Things to know when selecting your Truth and Reconciliation calls to action trainer

September 25, 2018

It has been over three years (June 2, 2015) now since the Truth and Reconciliation Commission (TRC) of Canada released its summary report and 94 calls to action for reconciliation. Testimony gathered during a six-year period from over 7,000 survivors of the residential school system, forms the basis of the report.The calls to action (CTAs) targeted key institutionsincluding child welfare, health, justice, education, and business.

Elements common to many of the CTAs are: Bob_Joseph_Indigenous_Corporate_Training_Inc

  • Cultural competency training 
  • History and legacy of residential schools
  • United Nations Declaration on the Rights of Indigenous Peoples (UNDRIP)
  • Treaties and Aboriginal rights
  • Aboriginal–Crown relations

In case you are not familiar with the calls to action, I’ve included a few of them at the end of the article so you can see for yourself the common elements required for reconciliation.

Almost as soon as the TRC published its report and calls to action, requests for our courses increased exponentially. Why? Because the material we cover meets those elements of reconciliation.

Providing training on Indigenous relations is not something we do off the corner of our desk. Since the publication of the calls to action, we’ve seen many firms and individuals hang out their shingles as trainers, and that’s ok. We don’t mind competition. However, what we do worry about is the quality of training provided. As this country moves along the reconciliation continuum, it’s critical that those who are providing Indigenous relations training do not play the blame game. Blame and guilt have no place in reconciliation.

Some trainers we have talked to have strong ideas about how to present materials. They use techniques such as, “they have to be led into a place and then taken out.” Some of the subject matter is of a sensitive nature and requires experience and skills to ensure everyone has a safe and enriching learning experience. Some learners have questions they want to ask but are concerned about how the question portrays them to their colleagues or other participants.

That's when your selection of a trainer becomes important. You don’t want to find yourself in a situation that’s uncomfortable nor do you want to look bad or feel embarrassed by asking questions. Be sure to explore the safe environment aspect with whomever you select.

It’s also important that the trainers have a deep and grounded knowledge of the history of Indigenous Peoples in Canada, in the history and ongoing impacts of residential schools and how those impacts affect Indigenous relations today. For example, in our awareness training, we have trainers who have experience directly or through their families. Competent trainers must also be well versed in Aboriginal rights, what those rights are and are not, how those rights have been denied, and the court cases that have defined those rights.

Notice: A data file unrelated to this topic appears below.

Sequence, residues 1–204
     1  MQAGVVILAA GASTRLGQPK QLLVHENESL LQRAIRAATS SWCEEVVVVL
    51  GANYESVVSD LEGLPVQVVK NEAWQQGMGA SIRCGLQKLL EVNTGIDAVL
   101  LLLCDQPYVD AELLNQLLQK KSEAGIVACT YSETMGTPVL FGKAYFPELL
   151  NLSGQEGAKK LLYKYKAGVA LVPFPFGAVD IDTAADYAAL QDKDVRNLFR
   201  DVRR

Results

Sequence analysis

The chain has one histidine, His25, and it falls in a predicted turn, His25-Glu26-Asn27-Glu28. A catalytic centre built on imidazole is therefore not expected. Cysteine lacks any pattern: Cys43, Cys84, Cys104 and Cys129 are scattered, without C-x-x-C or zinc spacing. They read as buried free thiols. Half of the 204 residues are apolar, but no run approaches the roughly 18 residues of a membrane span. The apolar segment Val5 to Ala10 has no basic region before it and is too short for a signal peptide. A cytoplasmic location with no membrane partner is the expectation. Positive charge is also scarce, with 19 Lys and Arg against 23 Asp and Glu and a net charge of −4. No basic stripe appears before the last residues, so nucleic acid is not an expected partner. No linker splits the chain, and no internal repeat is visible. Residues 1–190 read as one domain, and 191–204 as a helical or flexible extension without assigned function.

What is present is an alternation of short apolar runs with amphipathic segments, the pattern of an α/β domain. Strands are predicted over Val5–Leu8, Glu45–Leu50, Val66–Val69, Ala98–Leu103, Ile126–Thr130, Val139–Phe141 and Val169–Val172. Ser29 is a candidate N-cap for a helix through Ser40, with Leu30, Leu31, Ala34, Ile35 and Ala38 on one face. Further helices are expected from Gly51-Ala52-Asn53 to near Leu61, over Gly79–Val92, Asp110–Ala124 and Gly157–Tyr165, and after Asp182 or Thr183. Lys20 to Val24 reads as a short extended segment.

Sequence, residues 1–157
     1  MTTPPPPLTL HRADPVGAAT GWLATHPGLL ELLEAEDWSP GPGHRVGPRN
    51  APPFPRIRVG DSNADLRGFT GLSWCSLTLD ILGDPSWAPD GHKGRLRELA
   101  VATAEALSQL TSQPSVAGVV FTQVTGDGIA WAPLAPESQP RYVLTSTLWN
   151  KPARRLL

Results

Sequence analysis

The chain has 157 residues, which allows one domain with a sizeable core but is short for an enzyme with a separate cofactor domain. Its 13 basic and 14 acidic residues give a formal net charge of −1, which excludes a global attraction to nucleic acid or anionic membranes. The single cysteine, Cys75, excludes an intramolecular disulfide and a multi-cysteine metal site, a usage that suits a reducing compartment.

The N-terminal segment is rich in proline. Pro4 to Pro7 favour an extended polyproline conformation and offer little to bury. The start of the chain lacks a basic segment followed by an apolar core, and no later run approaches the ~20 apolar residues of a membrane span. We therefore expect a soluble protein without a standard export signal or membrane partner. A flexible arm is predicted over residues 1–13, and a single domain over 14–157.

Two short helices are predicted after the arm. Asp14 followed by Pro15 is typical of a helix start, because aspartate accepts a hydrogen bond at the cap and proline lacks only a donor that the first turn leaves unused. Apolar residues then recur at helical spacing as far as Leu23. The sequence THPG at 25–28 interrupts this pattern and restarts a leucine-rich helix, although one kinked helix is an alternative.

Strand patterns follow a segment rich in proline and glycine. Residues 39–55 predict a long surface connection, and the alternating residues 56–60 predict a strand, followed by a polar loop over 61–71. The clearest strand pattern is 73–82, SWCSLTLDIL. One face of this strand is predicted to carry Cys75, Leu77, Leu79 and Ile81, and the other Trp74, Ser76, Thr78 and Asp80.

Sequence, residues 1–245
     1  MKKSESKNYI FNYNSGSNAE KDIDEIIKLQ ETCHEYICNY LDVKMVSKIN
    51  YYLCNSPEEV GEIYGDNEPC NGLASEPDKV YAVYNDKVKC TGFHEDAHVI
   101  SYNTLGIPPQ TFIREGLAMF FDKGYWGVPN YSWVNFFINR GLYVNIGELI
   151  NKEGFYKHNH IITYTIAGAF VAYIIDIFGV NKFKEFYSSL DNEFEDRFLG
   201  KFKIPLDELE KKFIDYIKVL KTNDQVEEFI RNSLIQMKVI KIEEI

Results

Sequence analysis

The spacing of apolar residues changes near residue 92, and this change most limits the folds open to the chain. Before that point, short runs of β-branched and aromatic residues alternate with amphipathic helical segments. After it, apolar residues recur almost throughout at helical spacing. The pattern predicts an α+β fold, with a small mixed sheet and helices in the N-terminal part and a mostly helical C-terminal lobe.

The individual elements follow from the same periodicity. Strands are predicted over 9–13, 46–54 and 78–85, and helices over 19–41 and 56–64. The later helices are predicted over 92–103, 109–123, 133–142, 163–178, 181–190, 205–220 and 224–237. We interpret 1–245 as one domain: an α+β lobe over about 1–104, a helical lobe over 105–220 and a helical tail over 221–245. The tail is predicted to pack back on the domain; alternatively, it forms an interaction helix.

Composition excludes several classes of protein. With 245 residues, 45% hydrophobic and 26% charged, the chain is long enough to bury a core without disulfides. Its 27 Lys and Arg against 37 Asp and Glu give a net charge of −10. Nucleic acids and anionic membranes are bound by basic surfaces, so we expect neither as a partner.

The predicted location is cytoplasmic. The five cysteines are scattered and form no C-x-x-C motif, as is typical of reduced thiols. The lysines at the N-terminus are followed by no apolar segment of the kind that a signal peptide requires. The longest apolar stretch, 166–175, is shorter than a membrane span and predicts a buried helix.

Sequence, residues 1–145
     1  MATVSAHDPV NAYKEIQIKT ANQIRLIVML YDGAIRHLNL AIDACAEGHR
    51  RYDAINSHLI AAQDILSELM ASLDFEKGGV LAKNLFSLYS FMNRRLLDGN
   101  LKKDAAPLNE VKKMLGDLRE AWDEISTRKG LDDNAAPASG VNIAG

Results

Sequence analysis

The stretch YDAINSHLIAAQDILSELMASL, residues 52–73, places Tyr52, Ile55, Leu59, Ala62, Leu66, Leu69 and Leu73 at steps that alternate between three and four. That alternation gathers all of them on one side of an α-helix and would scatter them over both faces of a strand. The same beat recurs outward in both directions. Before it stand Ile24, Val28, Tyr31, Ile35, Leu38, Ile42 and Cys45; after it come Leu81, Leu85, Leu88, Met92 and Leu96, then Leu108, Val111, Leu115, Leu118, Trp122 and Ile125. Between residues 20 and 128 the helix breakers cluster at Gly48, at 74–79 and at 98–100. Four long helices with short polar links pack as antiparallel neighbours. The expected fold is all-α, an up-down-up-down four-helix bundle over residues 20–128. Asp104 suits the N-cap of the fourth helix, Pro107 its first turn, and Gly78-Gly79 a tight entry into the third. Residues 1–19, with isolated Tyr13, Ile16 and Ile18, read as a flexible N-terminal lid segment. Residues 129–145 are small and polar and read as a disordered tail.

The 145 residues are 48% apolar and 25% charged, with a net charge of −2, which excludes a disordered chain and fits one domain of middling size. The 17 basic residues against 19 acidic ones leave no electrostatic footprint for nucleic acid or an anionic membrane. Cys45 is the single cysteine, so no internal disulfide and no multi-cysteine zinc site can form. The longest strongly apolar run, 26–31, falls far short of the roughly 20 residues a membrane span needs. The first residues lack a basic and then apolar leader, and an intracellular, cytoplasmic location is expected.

Judging from the increasing demand for our training, I think we’re doing a pretty good job. But, don’t take my word for it, I’ve included some comments from our testimonial page.

Indigenous Awareness

"This is training I wish every Canadian had access to and the will to take. It is such an important part of our nation’s history and culture. Understanding the history and culture of Canada's indigenous people is critical to moving forward towards reconciliation, both in business and as nations." K.G.

"The Indigenous Awareness training I took recently was EXCELLENT! The facilitator's kind yet transparent communication of the content really helped to broaden my limited knowledge. I am passionate about Truth & Reconciliation and had some info, but was hungry for more. This workshop really opened my eyes to a little bit of the vast cultural background, nuances, and history, providing practical ways to move forward in learning more. Thank you." J.

Working Effectively with Indigenous Peoples®

"Working Effectively with Indigenous People" was one of the very best workshops I have ever attended. It was profoundly emotional at times, but the skilled facilitator was respectful, caring and extremely knowledgeable. I could go on an on....this was remarkable. Highly recommended. Thank you for opening my eyes!" K.H.

"This session would be engaging, relevant and useful for all Canadians. I would highly recommend the session especially for those working with Indigenous communities and people in any capacity, as a primer to understanding the history and context of an important relationship in our society." J.F.

Indigenous Consultation & Engagement

"Bob's understanding of the current state of consultation and engagement between government departments and Indigenous communities really helps to inform and train others on the tools we need to continually improve this evolving relationship."  J.